How German Writers Fare vs. Clancy, Crichton, and Grisham
Ruth Walker, writer of The Christian Science Monitor, The Christian Science Monitor
For browsers in European bookstores, particularly German ones, translations of fiction, whether from English or "from the American," seem as ubiquitous in the bookshop windows as Microsoft and McDonald's are elsewhere in the shopping districts. The evidence of Anglo-American cultural hegemony is overwhelming.
'Where are the German storytellers?' is the cry that echoes through the land of Goethe and Schiller. Is not a country's native literary culture something that should be at least partially exempt from the globalization evident in the mass merchandising of software or fast food?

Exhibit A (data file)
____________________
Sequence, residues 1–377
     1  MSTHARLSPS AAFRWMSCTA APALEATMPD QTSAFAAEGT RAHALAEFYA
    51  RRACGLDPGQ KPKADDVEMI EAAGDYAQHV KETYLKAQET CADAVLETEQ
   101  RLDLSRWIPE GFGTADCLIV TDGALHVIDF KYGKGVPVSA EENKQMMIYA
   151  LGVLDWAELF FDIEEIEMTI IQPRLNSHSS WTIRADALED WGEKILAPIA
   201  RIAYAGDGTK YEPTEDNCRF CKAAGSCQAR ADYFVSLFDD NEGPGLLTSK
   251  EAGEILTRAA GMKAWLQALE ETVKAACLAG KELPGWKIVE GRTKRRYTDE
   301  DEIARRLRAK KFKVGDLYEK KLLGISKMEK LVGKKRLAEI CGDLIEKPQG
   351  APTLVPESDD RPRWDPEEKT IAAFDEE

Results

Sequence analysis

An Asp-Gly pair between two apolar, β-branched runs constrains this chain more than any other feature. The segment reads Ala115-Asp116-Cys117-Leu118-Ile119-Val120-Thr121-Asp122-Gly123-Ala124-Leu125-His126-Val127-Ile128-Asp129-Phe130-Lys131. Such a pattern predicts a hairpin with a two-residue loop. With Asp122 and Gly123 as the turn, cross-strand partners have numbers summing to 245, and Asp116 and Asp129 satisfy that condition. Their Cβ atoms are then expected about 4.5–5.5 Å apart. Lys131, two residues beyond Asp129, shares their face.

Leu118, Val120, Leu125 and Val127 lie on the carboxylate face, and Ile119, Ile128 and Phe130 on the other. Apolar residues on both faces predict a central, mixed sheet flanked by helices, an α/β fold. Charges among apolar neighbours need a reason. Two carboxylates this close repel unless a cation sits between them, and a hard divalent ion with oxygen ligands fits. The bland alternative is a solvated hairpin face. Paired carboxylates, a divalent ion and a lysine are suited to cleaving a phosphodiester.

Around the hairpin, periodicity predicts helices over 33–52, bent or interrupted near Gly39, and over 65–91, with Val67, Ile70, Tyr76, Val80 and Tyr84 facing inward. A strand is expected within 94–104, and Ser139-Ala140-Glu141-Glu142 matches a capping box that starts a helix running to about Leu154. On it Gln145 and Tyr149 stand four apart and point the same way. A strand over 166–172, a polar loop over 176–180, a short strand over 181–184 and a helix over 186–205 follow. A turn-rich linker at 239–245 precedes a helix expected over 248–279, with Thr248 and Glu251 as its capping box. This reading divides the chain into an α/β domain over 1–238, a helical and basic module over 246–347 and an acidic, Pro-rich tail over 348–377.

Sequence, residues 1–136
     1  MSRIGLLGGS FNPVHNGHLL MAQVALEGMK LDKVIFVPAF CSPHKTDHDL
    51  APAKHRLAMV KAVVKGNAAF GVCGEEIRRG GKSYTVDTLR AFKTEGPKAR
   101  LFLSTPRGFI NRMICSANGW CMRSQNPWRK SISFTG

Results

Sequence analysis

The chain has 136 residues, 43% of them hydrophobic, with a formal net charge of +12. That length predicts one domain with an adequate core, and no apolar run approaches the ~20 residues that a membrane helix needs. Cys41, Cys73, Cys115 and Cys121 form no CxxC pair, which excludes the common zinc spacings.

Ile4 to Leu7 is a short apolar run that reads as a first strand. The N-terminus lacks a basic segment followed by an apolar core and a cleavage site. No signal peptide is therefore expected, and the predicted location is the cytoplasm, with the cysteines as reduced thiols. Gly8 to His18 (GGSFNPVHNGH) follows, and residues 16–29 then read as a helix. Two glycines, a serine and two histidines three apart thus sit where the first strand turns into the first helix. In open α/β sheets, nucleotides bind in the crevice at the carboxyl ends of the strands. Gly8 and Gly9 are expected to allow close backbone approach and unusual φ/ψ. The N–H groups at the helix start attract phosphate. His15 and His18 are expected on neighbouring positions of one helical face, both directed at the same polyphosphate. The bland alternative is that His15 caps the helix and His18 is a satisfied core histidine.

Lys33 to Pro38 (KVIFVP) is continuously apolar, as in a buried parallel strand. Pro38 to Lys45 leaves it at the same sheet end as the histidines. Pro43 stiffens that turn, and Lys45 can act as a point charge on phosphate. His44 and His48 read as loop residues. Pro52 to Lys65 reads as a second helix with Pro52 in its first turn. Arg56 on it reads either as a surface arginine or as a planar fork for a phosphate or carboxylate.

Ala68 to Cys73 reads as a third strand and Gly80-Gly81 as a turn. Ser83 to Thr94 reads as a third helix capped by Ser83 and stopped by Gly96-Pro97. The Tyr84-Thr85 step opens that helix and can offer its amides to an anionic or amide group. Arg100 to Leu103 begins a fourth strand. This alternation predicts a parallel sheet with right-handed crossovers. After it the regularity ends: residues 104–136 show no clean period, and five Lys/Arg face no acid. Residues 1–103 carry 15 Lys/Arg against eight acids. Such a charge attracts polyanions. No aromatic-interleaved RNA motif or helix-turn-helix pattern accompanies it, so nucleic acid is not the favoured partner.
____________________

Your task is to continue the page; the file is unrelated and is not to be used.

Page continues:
This long-running discussion continues - amid signs, however, that German storytellers are alive and well, and scoring some big literary and commercial successes. Uwe Wittstock, an editor at S. Fischer Verlag in Frankfurt, and hitherto rather skeptical of contemporary German writers' ability to connect with the reading public, says, "The situation has changed in the last couple of years. We've had some notable successes with authors whose works combine both literary merit and entertainment - two qualities which have been seen as mutually exclusive until recently." One example he cites from his company's list is Josef Haslinger's novel "Opernball," premised on a (fictional) terrorist attack on the Opera Ball, the premier social event each year in Vienna. "He writes like John Grisham, but with the engagement of a Jean-Paul Sartre." Another is Michael Wildenhain's novel, "Erste Liebe, Deutscher Herbst," or "First Love, German Autumn." The particular autumn referred to is that of 1977, when Germany endured a spate of terrorist violence at the hands of the Red Army Faction. "He tells the story of a schoolboy who falls in love with a young woman involved in a terrorist group, and gets involved himself," Mr. Wittstock says. But the political story "is in the background," he adds, "the book itself is a love story." The traditional knock against German writers has been that they are often so serious, so political, and so full of Angst and gloom that they just haven't found much public acceptance. Wittstock sees German authors "learning from American models - John Updike, Philip Roth. …